4. Get out more

According to the 2018 State of Remote Work Report, loneliness is the biggest struggle for people who work remotely. Human contact can provide a morale boost during difficult periods and deliver significant mental health benefits. When you’ve been working from home all day, it’s important to make extra effort to spend time with others. In the coronavirus crisis, going out for a walk or heading out for the evening may not be possible, but even having a conversation on the phone can reduce the risk of burnout from a lack of human interaction.  

Searching for something new?

The coronavirus lockdown could give you the time you need to search for a new bilingual position. Take a look at our current bilingual vacancies and submit your CV today.

Students – How to Give Your Career the Best Possible Start

Preparing for the workplace starts long before you begin your search for your first full-time job. There are lots of different things that students can do now to give themselves a head start over other school, college and university leavers and put themselves at the front of the queue in the increasingly competitive jobs market.

So, just what steps can you take to give your career the best possible start? Here’s our guide.

1. Study another language

As a specialist bilingual recruiter, you might think we’re biased, but never has the ability to speak a second language been more valuable than it is today. With Brexit now firmly underway and the UK free to form trade deals with more countries outside the EU, being able to speak a second or even third language will certainly help you stand out.

China is the world’s second-largest economy, making Mandarin a language that’s in high demand among businesses in much of the western world. With the economies of South and Central American countries such as Argentina, Bolivia, Costa Rica and Panama expected to skyrocket in the next few years, Spanish would be an extremely useful language to learn, too.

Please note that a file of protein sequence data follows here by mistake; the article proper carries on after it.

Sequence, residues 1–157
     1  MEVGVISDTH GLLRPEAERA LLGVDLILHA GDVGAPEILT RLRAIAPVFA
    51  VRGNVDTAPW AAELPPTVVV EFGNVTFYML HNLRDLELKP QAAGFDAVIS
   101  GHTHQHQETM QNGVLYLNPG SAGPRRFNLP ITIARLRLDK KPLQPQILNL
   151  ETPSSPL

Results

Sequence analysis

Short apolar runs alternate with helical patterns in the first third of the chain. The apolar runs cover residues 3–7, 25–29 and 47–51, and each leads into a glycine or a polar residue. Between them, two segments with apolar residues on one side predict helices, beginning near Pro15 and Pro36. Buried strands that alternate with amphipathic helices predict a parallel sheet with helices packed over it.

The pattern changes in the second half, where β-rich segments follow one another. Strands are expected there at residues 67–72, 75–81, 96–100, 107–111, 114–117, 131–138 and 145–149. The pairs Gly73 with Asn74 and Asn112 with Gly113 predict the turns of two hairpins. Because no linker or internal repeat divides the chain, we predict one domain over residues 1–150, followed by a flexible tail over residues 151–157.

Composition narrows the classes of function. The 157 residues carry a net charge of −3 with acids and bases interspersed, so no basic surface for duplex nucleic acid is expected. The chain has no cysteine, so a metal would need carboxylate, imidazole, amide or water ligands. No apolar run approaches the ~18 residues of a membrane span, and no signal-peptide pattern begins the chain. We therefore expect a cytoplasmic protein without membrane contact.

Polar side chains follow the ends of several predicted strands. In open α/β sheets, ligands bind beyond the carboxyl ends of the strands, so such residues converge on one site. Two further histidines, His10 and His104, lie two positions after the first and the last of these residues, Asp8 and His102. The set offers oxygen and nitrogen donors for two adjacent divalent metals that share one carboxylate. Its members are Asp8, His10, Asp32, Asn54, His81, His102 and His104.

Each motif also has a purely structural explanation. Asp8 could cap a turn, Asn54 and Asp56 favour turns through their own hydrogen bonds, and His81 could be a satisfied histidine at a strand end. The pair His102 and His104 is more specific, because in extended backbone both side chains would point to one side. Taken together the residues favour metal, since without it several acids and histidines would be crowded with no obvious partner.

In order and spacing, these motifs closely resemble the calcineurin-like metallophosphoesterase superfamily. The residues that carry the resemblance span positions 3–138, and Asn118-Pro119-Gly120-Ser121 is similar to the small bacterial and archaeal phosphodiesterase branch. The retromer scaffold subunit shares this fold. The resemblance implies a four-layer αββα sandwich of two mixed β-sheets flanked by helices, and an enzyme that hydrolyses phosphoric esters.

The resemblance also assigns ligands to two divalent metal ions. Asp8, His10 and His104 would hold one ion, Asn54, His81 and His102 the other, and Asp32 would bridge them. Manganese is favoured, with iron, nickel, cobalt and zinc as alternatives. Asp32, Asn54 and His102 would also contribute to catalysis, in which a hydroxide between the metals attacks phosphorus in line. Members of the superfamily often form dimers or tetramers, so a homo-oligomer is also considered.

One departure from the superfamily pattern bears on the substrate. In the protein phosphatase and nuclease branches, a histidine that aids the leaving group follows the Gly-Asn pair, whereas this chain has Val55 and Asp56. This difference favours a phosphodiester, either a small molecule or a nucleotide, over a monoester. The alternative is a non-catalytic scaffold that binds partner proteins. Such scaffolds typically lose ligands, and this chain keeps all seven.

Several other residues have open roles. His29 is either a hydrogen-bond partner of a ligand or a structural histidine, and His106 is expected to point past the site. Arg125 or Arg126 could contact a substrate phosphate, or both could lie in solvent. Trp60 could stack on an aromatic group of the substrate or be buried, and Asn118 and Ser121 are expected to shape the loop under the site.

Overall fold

2. Find your voice

Over the last decade or so, communication has changed immeasurably. For Generation Z, communication that’s dominated by social media and smartphones is all they’ve ever known, to such an extent that traditional skills such as public speaking are increasingly difficult to find.

Although public speaking is something not everyone is comfortable with initially, it will feel more natural over time. Putting yourself forward to speak in front of groups whenever you have the opportunity is a great way to develop this skill and help you impress potential employers. It will also improve your ability to think clearly under pressure and communicate your ideas and opinions in a well-reasoned and clear way. Those are also skills that are useful during those nerve-wracking job interviews.

3. Gain experience of the world of work

The more experience you have of the workplace and the skills required to perform a role, the better. Vocational courses are excellent at preparing students for the challenges they’ll encounter when they enter the workplace, while more academic qualifications tend to focus very little on what working life will be like.

Work placements are a great way to gain first-hand experience of what a particular role will involve. They can also help you identify a career or path that you hadn’t previously considered. Schools, colleges and universities should all be able to help you arrange a work placement, but you can also speak to family members, friends and even reach out to businesses online that you’re interested in working for. As well as gaining experience in the workplace, the contacts you make during this time could prove to be invaluable later on.

4. Volunteer

As a recent school, college or university leaver, your CV is likely to be full of qualifications but lacking in experience. Volunteering is a great way to gain some real-world experience while also doing some good. Even if you’re unable to volunteer in the specific field you want to work in, having experience as a volunteer will show that you know how to manage your time, work alongside others, complete tasks and commit to something, even when there’s no monetary reward.

Here’s a handy resource you can use to find out more about internships, work experience, volunteering roles, work shadowing placements and more.

Searching for your first bilingual role?

Get in touch with the team at Linguistica Recruitment today. We can help you find well-paid and rewarding bilingual jobs across the south coast of England. Take a look at our current vacancies, submit your CV, call our team on 02392 987 765 or email info@linguistica-recruitment.com.